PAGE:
1 December 2016, 15:00-16:00
Register start 22 November 2016
Register end 2 December 2016
In a context where modern combat operations raise complex operational and legal challenges, where respect for the law is often key to mission success, military legal advisers play an increasingly important role in operations. Who are these legal advisers and how are they trained? Where are they located in the command structure? What type of legal advice do they provide during operation planning and during combat? How can they support the commander while setting limits to his/her actions?
Drawing on 20 years of experience in the U.S. Army, mostly as a Judge Advocate, Professor Jensen will highlight the importance of the legal adviser’s role in today’s combat operations and the conditions enabling good legal support to the commander.
Eric Talbot Jensen is Professor of Law at Brigham Young University. He is a Former Judge Advocate and former Chief of International Law for the U.S. Army
The Military Briefings are open to Geneva Academy’s students only. Interested students need to register to attend this event.
Military Briefings are a unique series of events relating to military institutions and the law. They aim to improve our students’ knowledge of military actors and operations and build bridges between the military and civilian worlds.
Tram 15, Direction Nations - tram stop Maison de la Paix
Maison de la paix is accessible to people with disabilities. If you have a disability or any additional needs and require assistance in order to fully participate do not hesitate to contact us info[a]geneva-academy.ch
UN Photo / Jean-Marc Ferré
Our new Practical Manual precisely outlines the role of UN human rights mechanisms – UN treaty bodies, the UN Human Rights Council and its Special Procedures – in monitoring the SDGs that seek to realize ESCR.
Olivier Chamard/Geneva Academy
Following the easing of lockdown measures announced by the Swiss Federal Council, the Geneva Academy will gradually reopen its doors from Monday, 8 June.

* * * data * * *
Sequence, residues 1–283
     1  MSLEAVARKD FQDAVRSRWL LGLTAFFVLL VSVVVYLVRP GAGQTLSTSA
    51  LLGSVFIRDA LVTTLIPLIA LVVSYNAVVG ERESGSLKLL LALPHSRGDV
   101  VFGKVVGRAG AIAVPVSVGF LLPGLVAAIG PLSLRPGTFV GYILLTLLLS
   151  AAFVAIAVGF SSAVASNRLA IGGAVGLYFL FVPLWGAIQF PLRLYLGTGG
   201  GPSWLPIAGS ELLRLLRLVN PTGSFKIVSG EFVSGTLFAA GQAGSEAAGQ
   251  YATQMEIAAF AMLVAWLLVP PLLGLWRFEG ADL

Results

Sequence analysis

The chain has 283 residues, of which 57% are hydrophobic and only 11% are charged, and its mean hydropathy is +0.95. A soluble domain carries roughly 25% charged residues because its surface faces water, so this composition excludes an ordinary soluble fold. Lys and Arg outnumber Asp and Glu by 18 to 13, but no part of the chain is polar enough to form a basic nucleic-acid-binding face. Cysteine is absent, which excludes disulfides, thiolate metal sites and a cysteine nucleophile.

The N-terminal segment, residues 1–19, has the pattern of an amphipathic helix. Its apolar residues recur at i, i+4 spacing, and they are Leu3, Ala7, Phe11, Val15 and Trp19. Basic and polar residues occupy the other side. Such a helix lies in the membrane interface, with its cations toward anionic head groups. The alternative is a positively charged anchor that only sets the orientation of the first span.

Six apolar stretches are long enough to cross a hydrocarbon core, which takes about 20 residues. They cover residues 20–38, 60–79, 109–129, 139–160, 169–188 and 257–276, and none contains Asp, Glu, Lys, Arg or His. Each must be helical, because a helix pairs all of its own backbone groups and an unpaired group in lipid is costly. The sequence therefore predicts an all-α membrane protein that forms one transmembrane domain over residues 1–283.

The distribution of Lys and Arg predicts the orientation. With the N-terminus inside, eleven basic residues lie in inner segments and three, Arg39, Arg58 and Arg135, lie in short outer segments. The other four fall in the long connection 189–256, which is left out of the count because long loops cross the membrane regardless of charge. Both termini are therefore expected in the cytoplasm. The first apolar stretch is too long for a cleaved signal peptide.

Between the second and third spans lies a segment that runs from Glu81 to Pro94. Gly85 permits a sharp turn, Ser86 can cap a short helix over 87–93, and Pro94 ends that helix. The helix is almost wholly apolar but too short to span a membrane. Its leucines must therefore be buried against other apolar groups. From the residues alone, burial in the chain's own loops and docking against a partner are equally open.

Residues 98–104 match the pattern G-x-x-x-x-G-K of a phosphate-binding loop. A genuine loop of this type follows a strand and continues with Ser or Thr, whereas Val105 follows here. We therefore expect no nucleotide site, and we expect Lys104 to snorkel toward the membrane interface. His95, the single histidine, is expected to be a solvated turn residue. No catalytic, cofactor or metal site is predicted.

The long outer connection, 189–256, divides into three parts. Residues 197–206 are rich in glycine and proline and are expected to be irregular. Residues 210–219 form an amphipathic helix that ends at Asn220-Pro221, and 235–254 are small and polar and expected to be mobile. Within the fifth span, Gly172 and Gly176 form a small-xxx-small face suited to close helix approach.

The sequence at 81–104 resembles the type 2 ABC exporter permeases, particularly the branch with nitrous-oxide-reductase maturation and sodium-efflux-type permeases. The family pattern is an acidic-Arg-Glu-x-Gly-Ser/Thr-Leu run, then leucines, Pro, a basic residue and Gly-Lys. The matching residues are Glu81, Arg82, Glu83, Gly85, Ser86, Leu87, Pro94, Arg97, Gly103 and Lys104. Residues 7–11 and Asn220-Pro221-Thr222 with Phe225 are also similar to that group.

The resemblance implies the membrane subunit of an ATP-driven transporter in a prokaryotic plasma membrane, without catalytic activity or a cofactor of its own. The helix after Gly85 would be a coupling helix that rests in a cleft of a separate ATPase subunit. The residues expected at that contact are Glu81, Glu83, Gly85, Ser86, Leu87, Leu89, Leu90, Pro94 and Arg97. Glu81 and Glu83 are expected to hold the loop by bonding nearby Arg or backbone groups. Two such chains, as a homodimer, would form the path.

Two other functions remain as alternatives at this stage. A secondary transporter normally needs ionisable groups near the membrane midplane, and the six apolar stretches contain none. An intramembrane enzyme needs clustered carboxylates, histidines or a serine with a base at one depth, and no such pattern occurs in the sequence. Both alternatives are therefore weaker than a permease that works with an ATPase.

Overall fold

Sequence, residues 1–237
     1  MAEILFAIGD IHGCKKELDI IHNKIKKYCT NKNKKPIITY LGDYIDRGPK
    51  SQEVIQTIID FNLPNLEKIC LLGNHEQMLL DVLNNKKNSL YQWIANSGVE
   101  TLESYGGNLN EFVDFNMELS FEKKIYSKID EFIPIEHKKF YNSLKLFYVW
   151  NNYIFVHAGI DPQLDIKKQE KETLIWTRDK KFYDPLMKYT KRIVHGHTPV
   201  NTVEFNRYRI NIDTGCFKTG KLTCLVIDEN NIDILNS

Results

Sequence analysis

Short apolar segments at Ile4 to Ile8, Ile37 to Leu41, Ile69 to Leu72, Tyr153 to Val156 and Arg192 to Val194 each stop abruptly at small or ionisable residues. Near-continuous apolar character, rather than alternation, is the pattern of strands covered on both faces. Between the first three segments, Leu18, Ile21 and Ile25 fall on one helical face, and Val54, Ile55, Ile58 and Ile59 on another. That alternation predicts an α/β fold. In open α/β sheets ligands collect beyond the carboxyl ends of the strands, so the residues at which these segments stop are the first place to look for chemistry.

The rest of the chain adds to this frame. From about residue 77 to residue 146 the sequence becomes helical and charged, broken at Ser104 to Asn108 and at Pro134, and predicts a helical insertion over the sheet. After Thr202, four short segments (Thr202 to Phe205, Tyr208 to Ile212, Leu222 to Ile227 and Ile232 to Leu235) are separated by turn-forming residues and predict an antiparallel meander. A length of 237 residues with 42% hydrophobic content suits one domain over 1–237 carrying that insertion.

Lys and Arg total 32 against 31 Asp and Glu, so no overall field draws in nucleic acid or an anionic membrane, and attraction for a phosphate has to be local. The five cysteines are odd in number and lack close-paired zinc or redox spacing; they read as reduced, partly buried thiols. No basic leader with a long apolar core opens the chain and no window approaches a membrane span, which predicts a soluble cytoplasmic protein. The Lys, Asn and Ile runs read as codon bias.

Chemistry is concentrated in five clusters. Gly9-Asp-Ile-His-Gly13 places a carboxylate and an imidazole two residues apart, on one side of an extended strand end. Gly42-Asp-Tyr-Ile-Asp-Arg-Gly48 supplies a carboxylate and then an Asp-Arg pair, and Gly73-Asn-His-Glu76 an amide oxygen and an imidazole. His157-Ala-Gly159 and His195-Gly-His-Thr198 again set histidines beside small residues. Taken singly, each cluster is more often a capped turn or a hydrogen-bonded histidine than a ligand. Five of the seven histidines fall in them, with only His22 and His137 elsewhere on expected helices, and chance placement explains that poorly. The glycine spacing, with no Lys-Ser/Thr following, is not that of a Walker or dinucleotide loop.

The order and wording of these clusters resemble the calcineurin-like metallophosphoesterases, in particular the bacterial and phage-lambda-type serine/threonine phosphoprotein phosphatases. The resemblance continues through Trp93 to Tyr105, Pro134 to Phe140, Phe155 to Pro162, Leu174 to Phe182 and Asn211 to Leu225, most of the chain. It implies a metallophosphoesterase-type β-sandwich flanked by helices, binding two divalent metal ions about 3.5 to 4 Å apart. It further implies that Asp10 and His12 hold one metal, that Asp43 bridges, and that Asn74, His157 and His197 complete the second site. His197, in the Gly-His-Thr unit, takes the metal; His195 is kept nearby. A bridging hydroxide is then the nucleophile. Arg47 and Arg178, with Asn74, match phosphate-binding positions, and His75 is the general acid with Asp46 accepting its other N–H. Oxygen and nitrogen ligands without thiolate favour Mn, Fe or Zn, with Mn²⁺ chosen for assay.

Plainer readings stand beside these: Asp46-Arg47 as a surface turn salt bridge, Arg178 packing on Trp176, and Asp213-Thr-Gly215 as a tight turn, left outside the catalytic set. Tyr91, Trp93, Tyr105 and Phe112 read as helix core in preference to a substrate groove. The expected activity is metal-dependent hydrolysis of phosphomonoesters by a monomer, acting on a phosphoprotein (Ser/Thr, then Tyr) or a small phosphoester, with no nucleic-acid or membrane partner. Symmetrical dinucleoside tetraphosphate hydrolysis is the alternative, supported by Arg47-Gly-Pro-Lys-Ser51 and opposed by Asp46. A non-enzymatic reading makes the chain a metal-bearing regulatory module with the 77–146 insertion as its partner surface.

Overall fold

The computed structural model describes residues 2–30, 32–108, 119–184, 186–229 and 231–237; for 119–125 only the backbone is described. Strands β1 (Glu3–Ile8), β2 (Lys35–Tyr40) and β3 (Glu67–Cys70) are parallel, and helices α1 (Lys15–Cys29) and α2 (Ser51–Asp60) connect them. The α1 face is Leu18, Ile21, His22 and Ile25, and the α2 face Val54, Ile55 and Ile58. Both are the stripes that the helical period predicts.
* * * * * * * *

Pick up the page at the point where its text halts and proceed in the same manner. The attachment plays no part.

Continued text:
This panel discussion marks the Launch of our New Research Initiative, carried out jointly by our Swiss IHL Chair Robin Geiß and the ICRC.
This short course, which can be followed in Geneva or online, examines the conduct of hostilities in situations of international armed conflict, also known as the Law of The Hague.
This short course, which can be followed in Geneva or online, discusses the extent to which states may limit and/or derogate from their international human rights obligations in order to prevent and counter-terrorism and thus protect persons under their jurisdiction.
Resulting from traditional legal research and informal interviews with experts, the project aims at examining how – if at all possible – IHL could be more systematically, appropriately and correctly dealt with by the human rights mechanisms emanating from the Charter of the United Nations, as well from universal and regional treaties.
Via a new lecture series on disruptive military technologies, this project aims at staying abreast of the various military technology trends; promoting legal and policy debate on new military technologies; and furthering the understanding of the convergent effects of different technological trends shaping the digital battlefield of the future.